The research compared five engine oil brands, commonly available in the United States, using eight ASTM tests to evaluate the performance characteristics of each engine oil. The selected tests evaluated shear stability, deposit formation, volatility, cold temperature pumpability, oxidation resistance and oxidation-induced rheological changes. To be considered for the study, licensing to the latest engine oil specifications API SN and ILSAC GF-5 was mandatory, and individual brands were required to produce the range of conventional and fully synthetic engine oil products.
To ensure the independence of the study and the integrity of the results, AAA engaged two independent ISO (International Standards Organization) 17025 certified testing laboratories to administer the tests, each with considerable experience in ASTM testing for engine manufacturers and oil companies.
The headline research outcomes reinforce claims of improved engine performance for synthetic oils. After combining and averaging percentage differences from each test, AAA found that “synthetic engine oils performed an average of 47% better than conventional oils,” said John Nielsen, AAA’s managing director of Automotive Engineering and Repair.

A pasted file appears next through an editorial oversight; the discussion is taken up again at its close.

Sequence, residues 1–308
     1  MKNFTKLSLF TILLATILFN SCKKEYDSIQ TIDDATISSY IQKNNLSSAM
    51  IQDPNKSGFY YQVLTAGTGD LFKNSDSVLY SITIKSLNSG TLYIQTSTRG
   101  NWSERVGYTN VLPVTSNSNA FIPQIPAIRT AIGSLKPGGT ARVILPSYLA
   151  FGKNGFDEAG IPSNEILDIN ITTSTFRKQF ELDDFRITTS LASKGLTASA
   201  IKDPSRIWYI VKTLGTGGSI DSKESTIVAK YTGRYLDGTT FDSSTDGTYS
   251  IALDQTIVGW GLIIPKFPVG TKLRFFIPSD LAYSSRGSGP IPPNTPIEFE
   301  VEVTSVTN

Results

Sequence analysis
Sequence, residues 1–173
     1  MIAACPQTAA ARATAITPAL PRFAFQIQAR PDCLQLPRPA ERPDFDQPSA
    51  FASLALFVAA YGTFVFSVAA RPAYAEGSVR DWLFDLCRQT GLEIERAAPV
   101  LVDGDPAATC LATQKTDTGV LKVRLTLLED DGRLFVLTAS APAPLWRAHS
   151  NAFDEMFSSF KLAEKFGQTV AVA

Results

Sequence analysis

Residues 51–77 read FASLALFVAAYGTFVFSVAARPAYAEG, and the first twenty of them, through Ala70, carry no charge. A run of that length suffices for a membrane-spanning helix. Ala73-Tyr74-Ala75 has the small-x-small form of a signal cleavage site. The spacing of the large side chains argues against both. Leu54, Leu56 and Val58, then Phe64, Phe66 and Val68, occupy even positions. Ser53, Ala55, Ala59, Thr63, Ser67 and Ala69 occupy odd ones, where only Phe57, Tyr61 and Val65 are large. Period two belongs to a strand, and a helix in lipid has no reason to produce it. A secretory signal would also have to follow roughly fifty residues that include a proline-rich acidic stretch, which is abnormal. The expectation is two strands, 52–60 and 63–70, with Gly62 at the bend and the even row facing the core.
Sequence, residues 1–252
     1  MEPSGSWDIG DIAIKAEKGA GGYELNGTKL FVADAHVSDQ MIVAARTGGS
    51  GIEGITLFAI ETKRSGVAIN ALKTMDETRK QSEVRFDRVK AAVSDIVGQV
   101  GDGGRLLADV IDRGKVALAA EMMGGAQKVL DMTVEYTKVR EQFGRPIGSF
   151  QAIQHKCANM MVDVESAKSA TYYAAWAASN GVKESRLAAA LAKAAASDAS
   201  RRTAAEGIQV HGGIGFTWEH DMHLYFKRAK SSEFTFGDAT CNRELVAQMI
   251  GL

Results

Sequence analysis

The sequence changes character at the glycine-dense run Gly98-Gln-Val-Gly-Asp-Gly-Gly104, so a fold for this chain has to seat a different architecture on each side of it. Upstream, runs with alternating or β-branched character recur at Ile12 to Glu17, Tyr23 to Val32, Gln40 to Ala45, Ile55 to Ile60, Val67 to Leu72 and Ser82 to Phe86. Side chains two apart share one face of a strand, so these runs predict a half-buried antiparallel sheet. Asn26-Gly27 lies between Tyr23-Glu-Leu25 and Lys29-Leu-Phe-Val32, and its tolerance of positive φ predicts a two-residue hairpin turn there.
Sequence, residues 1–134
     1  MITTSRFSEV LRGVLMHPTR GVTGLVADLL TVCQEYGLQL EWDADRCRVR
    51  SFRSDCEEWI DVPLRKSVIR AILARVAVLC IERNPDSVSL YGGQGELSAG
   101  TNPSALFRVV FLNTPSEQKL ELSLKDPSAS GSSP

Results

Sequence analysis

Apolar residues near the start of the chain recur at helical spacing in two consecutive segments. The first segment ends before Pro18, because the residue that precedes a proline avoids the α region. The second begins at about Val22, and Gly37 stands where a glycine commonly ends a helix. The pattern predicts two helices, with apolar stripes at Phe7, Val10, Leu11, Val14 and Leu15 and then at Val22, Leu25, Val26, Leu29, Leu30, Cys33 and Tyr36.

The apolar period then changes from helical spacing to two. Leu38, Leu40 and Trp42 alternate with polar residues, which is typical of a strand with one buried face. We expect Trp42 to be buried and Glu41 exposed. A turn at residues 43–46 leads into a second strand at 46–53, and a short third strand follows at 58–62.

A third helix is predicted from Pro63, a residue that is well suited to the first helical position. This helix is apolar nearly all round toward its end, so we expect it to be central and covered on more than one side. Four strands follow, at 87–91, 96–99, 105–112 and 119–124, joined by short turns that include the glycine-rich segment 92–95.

“With its superior resistance to deterioration, AAA’s findings indicate that synthetic oil is particularly beneficial to newer vehicles with turbo-charged engines,” he said.
All vehicles can benefit from using synthetic engine oils suggests AAA, and following the results of the research AAA Sponsor publicly urged drivers to consider switching to synthetic oils. Interestingly, this push to synthetics is not as pronounced from vehicle manufacturers, with only a limited number of OEMs specifically requiring the use of synthetic oils.
As part of the study, AAA analysed fluid requirements for 2016 model year vehicles, discovering only two low-volume, high-performance vehicles mandated the use of synthetic oils. Most vehicle manufacturers simply require engine oils approved to the latest API and ILSAC specifications, alongside “proprietary internal specifications” for warranty purposes.
The AAA investigation seemingly dispels misguided consumer opinion around synthetic oils. Results confirm meaningful performance benefits and engine protection in extreme operating environments, with aging, and potential to minimize engine wear throughout a vehicle’s life. The scale of performance benefits may be questionable; a similar study would benefit from a broader range of engine oil products and larger sampling, to reduce the impact of product outliers on research outcomes.
However, it appears that consumers remain skeptical. A telephone survey of 1,007 U.S. adults indicated 44% of drivers are either uncertain, or do not believe synthetic oils are better for their engine.
“It’s understandable that drivers may be skeptical of any service that is nearly twice the cost of the alternative,” said Nielsen.
The price of synthetic oil is certainly preventing greater uptake; 43% of the drivers surveyed use conventional oil because they say synthetic motor oil is too expensive.
However, Nielsen said the “extra USD30 per oil change could actually save money in the long run by protecting critical engine components over time.”